Women in Love cover

Women in Love

D. H. Lawrence (1885-1930)

00:00(1/42) 01 – Chapter 1 – Sisters00:00
80
x1
1. 01 – Chapter 1 – Sisters
2. 02 – Chapter 2 – Shortlands
3. 03 – Chapter 3 – Classroom
4. 04 – Chapter 4 – Diver
5. 05 – Chapter 5 – In the Train
6. 06 – Chapter 6 – Creme de Menthe
7. 07 – Chapter 7 – Fetish
8. 08 – Chapter 8 – Breadalby, Part 1
9. 09 – Chapter 8 – Breadalby, Part 2
10. 10 – Chapter 9 – Coal-dust
11. 11 – Chapter 10 – Sketch-book
12. 12 – Chapter 11 – An Island
13. 13 – Chapter 12 – Carpeting
14. 14 – Chapter 13 – Mino
15. 15 – Chapter 14 – Water-party Part 1
16. 16 – Chapter 14 – Water-party Part 2
17. 17 – Chapter 15 – Sunday Evening
18. 18 – Chapter 16 – Man to Man
19. 19 – Chapter 17 – The Industrial Magnate Part 1
20. 20 – Chapter 17 – The Industrial Magnate Part 2
21. 21 – Chapter 18 – Rabbit
22. 22 – Chapter 19 – Moony Part 1
23. 23 – Chapter 19 – Moony Part 2
24. 24 – Chapter 20 – Gladiatorial
25. 25 – Chapter 21 – Threshold
26. 26 – Chapter 22 – Woman to Woman
27. 27 – Chapter 23 – Excurse
28. 28 – Chapter 24 – Death and Love
29. 29 – Chapter 24 – Death and Love Part 2
30. 30 – Chapter 25 – Marriage or Not
31. 31 – Chapter 26 – A Chair
32. 32 – Chapter 27 – Flitting
33. 33 – Chapter 28 – Gudrun in the Pompadour
34. 34 – Chapter 29 – Continental Part 1
35. 35 – Chapter 29 – Continental Part 2
36. 36 – Chapter 29 – Continental Part 3
37. 37 – Chapter 29 – Continental Part 4
38. 38 – Chapter 29 – Continental Part 5
39. 39 – Chapter 30 – Snowed Up Part 1
40. 40 – Chapter 30 – Snowed Up Part 2
41. 41 – Chapter 30 – Snowed Up Part 3
42. 42 – Chapter 31 – Exeunt

(*) Your listen progress will be continuously saved. Just bookmark and come back to this page and continue where you left off.

Genres

Summary

If you have read DH Lawrence's The Rainbow, you'd certainly want to read the sequel, Women in Love. Published in 1920, the two books were originally meant to be a single work, spanning several generations of the Brangwen family, especially the women. However, a complicated publishing history, delays and editorial revisions, followed by the hostile reception and controversies that faced The Rainbow led to a gap of five years between the two books. Yet, by 21st century standards, Women in Love seems almost tame, and modern-day readers may well be bewildered by the amount of criticism it generated among the custodians of morals in an earlier age. The moral backlash prevented many readers from appreciating the true nature and depth of this insightful novel. The plot deals with the continuing saga of the Brangwen sisters, Ursula and Gudrun. Gudrun falls in love with a wealthy industrial tycoon, Gerald Crich while Ursula's heart is captured by a school inspector, Rupert Birkin. However, Birkin is also a passionate and intellectual man, whose unconventional ideas attract Ursula. Spanning the time before and during World War I, Lawrence drew many of the characters from real life. Ursula was based on his own wife, Frieda, while Birkin is a close self-portrait of himself. His friend Katharine Mansfield comes alive as Gudrun and Gerald Crich, her husband John Middleton Murry. Hence, the book is also an invaluable biography of contemporary writers and their lives. Though the book examines physical and emotional love in a frank and fearless way, Lawrence's critics suggested that it was also told from a male chauvinistic point of view. Lawrence was deeply influenced by Freudian psycho-analysis and also by the philosophy of Friedrich Nietzsche. Victorian ideas of a woman's role, her rights and her expectations were undergoing a sea-change at this time. Her desire to work at a job outside the home, earn an independent living and the blurring of social boundaries are other themes that Lawrence felt deeply about and depicts in this book. The conflict between society's conventions and individual desires is another theme that runs through Women in Love. The dawn of the Industrial Revolution was about to change the structure of society forever and we find Lawrence's characters, grappling with changing ideas and vanishing traditions. Women in Love also contains many of the characters who appear in The Rainbow, like Tom, Anna and Billy Brangwen. Tom Brangwen's struggle with the ideas and ways of his unconventional daughters also forms part of the story. An interesting and absorbing read!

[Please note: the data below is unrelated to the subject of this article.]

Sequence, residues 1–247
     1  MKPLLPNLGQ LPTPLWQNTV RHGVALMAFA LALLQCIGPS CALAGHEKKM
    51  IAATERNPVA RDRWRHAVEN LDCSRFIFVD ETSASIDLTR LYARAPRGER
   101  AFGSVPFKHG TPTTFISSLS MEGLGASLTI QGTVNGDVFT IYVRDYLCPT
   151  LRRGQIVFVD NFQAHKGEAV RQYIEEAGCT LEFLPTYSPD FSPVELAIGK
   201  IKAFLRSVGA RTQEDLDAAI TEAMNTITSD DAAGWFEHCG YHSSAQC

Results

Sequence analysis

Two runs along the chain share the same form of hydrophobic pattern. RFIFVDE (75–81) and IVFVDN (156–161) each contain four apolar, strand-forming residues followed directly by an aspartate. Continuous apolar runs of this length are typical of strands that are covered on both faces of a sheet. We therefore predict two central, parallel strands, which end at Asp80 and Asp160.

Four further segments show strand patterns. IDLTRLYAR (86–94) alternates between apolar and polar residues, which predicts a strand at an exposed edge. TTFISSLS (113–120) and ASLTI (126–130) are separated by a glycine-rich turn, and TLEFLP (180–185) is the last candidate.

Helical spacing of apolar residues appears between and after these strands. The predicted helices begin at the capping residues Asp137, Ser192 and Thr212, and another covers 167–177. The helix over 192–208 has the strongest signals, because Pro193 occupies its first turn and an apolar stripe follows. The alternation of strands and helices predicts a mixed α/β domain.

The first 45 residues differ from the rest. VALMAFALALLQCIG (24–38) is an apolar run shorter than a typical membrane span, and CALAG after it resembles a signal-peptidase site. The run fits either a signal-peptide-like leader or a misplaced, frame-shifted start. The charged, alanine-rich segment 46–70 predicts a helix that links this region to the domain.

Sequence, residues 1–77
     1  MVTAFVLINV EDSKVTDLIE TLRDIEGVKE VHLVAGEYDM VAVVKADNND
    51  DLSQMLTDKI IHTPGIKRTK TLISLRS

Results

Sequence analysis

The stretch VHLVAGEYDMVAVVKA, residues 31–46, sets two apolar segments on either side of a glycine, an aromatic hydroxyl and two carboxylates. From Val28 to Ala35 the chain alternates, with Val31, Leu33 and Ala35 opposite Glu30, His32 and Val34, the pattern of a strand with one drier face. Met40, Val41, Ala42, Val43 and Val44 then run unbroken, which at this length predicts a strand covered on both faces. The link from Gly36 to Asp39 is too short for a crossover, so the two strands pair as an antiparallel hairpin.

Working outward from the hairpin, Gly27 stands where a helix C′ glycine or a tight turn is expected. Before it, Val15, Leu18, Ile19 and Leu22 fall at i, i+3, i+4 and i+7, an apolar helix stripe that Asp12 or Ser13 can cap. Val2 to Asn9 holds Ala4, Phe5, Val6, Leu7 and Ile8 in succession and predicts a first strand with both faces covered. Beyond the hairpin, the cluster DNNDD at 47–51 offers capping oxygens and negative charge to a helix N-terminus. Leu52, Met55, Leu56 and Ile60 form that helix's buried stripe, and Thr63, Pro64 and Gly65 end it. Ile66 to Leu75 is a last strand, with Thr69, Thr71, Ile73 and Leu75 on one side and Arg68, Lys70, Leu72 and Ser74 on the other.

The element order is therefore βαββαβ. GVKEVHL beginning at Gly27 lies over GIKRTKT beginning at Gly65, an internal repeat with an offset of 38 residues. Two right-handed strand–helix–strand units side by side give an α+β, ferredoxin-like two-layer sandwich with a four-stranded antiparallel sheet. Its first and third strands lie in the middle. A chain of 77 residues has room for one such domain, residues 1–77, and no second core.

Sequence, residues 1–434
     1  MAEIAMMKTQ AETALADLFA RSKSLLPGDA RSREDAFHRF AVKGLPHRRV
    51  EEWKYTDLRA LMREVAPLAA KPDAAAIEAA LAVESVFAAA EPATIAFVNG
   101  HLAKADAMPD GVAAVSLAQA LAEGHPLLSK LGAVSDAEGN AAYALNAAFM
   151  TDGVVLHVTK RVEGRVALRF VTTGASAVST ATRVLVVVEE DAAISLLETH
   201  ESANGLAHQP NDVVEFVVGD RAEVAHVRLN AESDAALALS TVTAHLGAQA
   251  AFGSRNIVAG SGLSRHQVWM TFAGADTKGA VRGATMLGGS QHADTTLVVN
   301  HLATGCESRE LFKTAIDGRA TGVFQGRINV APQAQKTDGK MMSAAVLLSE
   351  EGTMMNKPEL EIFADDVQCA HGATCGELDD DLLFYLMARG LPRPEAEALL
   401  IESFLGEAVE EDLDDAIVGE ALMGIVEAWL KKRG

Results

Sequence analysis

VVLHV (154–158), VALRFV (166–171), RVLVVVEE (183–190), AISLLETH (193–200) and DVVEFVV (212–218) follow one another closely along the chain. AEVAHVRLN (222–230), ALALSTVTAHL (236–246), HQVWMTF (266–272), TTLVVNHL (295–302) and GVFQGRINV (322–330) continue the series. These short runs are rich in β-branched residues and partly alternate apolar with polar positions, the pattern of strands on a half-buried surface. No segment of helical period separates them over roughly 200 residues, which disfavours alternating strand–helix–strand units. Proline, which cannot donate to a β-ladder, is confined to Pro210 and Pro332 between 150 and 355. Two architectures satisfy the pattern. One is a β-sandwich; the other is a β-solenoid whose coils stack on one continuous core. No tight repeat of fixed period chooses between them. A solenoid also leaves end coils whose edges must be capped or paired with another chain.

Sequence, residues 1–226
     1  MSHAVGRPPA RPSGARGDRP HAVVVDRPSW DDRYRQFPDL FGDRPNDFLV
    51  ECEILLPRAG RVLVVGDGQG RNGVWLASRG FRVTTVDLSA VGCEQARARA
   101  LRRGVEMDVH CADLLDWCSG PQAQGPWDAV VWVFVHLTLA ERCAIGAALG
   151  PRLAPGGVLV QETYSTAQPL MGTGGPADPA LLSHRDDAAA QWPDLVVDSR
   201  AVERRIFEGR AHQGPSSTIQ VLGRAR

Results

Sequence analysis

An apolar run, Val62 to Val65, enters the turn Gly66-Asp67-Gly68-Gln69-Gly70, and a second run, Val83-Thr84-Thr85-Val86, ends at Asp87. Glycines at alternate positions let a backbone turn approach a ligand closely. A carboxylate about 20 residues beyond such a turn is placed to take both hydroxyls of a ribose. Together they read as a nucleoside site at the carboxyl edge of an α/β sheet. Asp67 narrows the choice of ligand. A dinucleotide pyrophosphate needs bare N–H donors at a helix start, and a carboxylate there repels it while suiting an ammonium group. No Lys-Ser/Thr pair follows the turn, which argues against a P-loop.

Reviews

dg

The characters are all psychopaths, sociopaths, and whatever else demented minds there might be. Listening to this may make one out of you, too. Good reader, though.

Borisse

- Women in Love

Beautifully read! Timeless writing of the great master.

D

Great story and a perfect reading! Definitely worth the listen.